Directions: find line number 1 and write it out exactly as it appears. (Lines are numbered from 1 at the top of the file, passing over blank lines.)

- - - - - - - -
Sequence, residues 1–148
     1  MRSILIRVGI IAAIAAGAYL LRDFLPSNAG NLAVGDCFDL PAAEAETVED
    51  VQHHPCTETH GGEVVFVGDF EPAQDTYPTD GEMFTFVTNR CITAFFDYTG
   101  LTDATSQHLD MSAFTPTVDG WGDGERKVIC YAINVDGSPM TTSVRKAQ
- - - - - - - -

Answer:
Sequence, residues 1–148